Companies must establish solid communication lines across lines of business and partners. They must ensure that lines of business within an organization consistently and effectively, and frequently communicate and collaborate with each other as well as with supply chain partners.

Its also important to establish customer-centric performance metrics. Develop clear objectives and strategies for using CRM, and then align performance measurement and compensation around achieving service-level objectives.

Its important to formalize the ownership of the customer by establishing a Chief Customer Officer (CCO) position.

In addition, insurers will need to establish key alliances with technology firms that can provide the expertise required to effectively implement CRM, with service providers that will enable insurers to strengthen their value proposition, and with non-financial organizations that will act as distribution channels.

Essential #3: Understand CRM technology needs.

Traditionally, the insurance industry has been slow to adopt new technologies. This puts most insurance organizations in a position where they are not equipped to deal with the demands that are being placed on them by the new consumer. However, insurance organizations are beginning to upgrade their technology infrastructures to bring them toward customer intimacy.

Insurance organizations need to take on a holistic view of their CRM technology needs, to ensure that technology investments today will be easily integrated with technology investments of tomorrow. Let’s look at end-to-end CRM for insurance in the framework of Collaborative, Operational, and Analytical CRM.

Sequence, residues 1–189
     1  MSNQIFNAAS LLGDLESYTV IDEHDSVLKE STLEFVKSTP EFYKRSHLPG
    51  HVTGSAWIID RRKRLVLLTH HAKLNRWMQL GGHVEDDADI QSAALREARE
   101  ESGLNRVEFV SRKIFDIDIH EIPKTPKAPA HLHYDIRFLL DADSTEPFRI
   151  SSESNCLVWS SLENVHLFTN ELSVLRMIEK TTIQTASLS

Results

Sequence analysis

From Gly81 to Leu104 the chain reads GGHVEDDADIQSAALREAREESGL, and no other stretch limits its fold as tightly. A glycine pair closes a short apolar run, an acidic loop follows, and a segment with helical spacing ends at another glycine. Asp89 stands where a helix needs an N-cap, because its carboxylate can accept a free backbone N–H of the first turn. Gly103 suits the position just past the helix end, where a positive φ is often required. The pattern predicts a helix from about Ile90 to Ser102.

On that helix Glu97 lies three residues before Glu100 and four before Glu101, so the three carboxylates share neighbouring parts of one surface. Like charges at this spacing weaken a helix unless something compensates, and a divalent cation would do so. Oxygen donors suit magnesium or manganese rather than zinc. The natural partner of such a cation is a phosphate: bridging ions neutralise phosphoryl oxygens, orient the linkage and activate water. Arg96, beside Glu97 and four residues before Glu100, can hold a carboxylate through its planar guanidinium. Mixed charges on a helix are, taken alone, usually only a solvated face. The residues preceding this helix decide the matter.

As insurance sales, marketing and service channels continue to expand, the traditional insurance call center will need to be transformed into a multi-channel customer interaction center. Insurers need to focus on integrating existing channels (i.e., phone, faxes, e-mail) and expand channels with new technologies (i.e., interactive voice response [IVR], speech recognition, Internet call-back functionality, using the Internet for phone calls, live Internet chat) that offer a wide variety of distribution options to match all types of customers.

The power of integrating these channels, in combination with integrating with the back office, is in the ability of the CSR to have a 360 view of the customer at the time of interaction. CSRs are equipped with current information on the customer and can provide better service through personalized scripting and personalized sales flags via service automation tools. When the interaction is taking place over an electronic channel, personalized content can enhance the customer experience based on customer history and preferences.

Insurance organizations must also adopt new technologies to support sales, service and business efficiency. CRM offers insurers these efficiencies through automation of many front-office business processes like sales, marketing, and service.

As the complexities of customer interactions continue to increase, insurance organizations will become more and more dependent upon marketing automation tools to manage the complexities of multi-channel marketing. Marketing automation solutions enable insurance organizations to plan, manage, execute, and evaluate online/offline customer interactions in a synchronized, seamless manner.

Insurance providers need to enhance the sales process by providing agents, brokers, partners and sales representatives with sales automation and workflow management tools. As these channels become more and more service-focused, up-to-the-minute customer information needs to be available on their desktops.

Service automation solutions play a key role in enabling CRM within insurance organizations. These tools help insurers manage and synchronize customer interactions across multiple channels, route interactions to appropriate universal agents, enforce quality assurance, provide workflow management, enhance interaction and enable customer self-help knowledge centers.